Naevius, the Metelli and Saturnian Verse

Kuznetsov Alexandr E.

The reply of the Metelli to the insolent verse of Naevius is considered to be the most important evidence of social impact on the literary history of Republican Rome. The evidence is not, however, infallible. The story is founded on scholia of Pseudo-Asconius (In Verr. I 29), a document of dubious reliability, which is the only extant source of the Naevian iambic verse «fato Metelli...», while the Saturnian reply «dabunt malum Metelli...» is attested by several metrical writers (Pseudo-Bassus, Aphthonius, Sacerdos, Atilius Fortunatianus, Terentianus Maurus). In this paper the author tries to demonstrate that (1) the text of Pseudo-Asconius is incoherent; (2) Pseudo-Asconius had at his disposal some metrical theory of the Saturnian that differed entirely from the theory used by those metricians who quoted «dabunt malum Metelli...»; (3) Pseudo-Asconius picked «fato Metelli...» out of some old Commentary to Cicero’s speeches; (4) the metricians like Aphthonius knew nothing about «fato Metelli...». All this implies that Pseudo-Asconius merged two different sources, one providing «fato Metelli...» in order to explain the witty dictum of Cicero, and the other putting «dabunt malum Metelli...» forward as an example of the Saturnian meter. Thus the exchange of vituperative verses between the poet and the Metelli had no foundation in grammatical or historical tradition; this exchange was an accidental result of confusion made by a 5th century scholiast (Pseudo-Asconius). Two verses involved in the story require different approach. The iambic «fato Metelli...» no doubt came from some drama. The joke about Metellus’ consulate in Cic. Verr. I. 29 does not definitely presuppose that «fato Metelli...» had some invective sense. In fact, various invective interpretations of the utterance «fato fieri» meet with considerable difficulties. Marmorale argued with good reason that the verse had a laudatory sense and connected it with L. Caecilius Metellus (cos. 251, 247 A.D.). However the verse originated from fabula praetexta, not from Bellum Punicum as Marmorale conjectured. The verse «dabunt malum Metelli...» was a fiction of an antiquarian (probably republican), who sought to demonstrate the ideal form of the Saturnian. This ideal example was incorporated in a quasi-historical narrative about Naevius and the Metelli. The author of the anecdote thought that like ancient Greek iambography the original Saturnian had been an invective poetry. This reconstruction causes a problem, since the extant Roman sources do not treat Saturnan as an invective. Only Dionysius of Halicarnassus can provide some help, if we read (with Post and Carry) in his description of triumph (Ant. VII 72, 11) αjμεvτροις (α{μα τοι`ς ms.) and understand this word as a hint at a rough rhythm of the Saturnian verse.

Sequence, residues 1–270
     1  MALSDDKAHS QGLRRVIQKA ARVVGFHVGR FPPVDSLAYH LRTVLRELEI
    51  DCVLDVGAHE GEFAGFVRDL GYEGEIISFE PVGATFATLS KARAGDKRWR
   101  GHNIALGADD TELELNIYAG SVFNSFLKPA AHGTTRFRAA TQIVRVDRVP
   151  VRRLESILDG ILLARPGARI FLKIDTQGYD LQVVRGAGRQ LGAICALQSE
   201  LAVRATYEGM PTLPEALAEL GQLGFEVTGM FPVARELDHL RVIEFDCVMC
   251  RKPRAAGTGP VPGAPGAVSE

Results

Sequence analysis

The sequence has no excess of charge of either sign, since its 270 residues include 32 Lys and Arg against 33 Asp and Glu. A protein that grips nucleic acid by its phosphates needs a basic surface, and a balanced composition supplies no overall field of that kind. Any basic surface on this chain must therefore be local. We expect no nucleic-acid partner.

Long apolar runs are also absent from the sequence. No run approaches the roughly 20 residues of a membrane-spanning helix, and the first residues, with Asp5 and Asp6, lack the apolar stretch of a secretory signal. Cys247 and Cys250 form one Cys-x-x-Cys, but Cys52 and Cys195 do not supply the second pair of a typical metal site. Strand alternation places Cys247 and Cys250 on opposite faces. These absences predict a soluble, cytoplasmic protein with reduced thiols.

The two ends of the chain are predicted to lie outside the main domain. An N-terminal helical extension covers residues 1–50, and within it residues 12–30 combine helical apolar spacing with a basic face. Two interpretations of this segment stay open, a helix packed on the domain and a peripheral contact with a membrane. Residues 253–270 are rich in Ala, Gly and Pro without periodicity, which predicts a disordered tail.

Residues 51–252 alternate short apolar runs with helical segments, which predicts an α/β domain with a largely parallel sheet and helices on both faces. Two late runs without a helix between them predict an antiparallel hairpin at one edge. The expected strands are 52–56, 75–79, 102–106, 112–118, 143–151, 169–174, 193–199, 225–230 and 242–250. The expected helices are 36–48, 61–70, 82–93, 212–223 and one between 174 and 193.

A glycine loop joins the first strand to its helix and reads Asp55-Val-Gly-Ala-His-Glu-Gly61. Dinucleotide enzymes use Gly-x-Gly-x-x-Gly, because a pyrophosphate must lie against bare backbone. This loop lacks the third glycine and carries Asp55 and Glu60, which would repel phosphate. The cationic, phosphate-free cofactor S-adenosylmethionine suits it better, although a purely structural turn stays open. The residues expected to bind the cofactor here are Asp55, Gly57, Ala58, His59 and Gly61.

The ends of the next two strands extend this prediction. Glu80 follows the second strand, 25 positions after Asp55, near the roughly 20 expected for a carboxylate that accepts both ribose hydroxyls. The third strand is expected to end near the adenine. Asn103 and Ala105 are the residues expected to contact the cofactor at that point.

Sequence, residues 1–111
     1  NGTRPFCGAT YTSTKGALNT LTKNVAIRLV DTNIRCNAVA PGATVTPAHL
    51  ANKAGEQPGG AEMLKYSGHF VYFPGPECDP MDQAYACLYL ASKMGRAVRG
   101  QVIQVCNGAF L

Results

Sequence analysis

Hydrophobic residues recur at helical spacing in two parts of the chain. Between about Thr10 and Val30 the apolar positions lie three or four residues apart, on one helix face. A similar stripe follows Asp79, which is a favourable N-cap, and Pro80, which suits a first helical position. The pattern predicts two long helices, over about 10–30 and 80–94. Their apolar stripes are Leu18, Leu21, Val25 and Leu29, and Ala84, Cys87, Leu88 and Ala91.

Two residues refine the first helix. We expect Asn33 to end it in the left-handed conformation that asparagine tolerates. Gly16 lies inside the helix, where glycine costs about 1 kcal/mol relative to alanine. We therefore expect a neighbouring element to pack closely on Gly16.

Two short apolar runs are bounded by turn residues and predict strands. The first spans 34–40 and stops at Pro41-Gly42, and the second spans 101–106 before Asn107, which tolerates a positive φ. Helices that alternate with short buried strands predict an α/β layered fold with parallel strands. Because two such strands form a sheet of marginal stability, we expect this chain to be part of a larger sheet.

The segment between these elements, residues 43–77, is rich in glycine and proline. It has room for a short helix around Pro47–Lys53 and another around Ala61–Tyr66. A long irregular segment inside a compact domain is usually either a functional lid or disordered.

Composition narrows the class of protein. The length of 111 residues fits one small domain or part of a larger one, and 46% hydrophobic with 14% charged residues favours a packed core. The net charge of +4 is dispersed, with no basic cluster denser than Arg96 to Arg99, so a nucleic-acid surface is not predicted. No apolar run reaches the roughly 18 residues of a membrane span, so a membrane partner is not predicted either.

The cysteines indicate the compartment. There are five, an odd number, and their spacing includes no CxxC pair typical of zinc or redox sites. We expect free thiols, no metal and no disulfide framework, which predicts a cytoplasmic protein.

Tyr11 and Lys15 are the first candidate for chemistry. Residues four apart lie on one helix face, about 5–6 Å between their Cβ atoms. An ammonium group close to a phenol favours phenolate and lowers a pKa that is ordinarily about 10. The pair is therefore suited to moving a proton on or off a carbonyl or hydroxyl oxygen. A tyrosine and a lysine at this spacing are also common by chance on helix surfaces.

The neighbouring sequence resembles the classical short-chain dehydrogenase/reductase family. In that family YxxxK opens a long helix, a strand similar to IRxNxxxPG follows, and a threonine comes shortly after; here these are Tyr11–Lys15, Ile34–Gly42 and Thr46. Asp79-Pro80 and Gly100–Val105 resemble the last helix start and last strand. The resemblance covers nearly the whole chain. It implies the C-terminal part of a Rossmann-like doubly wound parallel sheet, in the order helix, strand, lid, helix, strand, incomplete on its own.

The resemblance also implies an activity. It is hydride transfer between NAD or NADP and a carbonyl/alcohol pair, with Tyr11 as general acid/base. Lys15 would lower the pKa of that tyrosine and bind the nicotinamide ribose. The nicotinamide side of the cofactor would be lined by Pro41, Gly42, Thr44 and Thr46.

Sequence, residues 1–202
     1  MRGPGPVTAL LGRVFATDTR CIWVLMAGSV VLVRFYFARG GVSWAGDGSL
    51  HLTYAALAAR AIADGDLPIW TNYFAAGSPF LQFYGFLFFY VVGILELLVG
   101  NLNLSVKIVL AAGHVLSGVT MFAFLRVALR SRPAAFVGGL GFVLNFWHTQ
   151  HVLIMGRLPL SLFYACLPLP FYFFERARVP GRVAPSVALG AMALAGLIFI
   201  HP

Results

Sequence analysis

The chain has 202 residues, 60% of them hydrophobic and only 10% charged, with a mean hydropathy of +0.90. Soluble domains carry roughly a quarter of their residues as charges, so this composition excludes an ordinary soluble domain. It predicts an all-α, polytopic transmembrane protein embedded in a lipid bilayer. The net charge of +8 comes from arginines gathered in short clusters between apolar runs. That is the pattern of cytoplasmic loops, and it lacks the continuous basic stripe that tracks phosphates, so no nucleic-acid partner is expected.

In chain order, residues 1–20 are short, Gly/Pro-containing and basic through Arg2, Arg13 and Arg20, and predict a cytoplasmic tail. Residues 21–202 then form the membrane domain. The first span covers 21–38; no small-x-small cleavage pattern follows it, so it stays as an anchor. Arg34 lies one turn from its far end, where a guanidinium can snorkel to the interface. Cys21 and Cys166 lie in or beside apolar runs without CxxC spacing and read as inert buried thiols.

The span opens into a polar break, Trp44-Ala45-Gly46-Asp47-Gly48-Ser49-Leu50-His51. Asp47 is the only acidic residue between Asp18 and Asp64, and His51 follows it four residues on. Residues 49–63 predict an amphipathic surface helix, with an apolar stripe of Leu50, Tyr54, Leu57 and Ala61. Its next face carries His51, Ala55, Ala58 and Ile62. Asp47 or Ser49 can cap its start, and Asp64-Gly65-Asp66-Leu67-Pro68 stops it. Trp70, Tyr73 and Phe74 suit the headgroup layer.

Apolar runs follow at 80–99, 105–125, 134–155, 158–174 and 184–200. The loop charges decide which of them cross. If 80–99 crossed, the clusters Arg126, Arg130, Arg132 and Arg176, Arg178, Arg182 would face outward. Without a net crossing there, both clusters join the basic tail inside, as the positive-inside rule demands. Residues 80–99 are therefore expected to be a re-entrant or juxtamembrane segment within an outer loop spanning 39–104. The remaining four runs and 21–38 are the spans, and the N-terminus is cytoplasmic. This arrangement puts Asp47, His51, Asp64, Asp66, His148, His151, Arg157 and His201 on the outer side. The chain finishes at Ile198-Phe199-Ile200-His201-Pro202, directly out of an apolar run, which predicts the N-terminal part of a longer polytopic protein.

Keywords: ancient Rome, literature, poetry, Roman Republic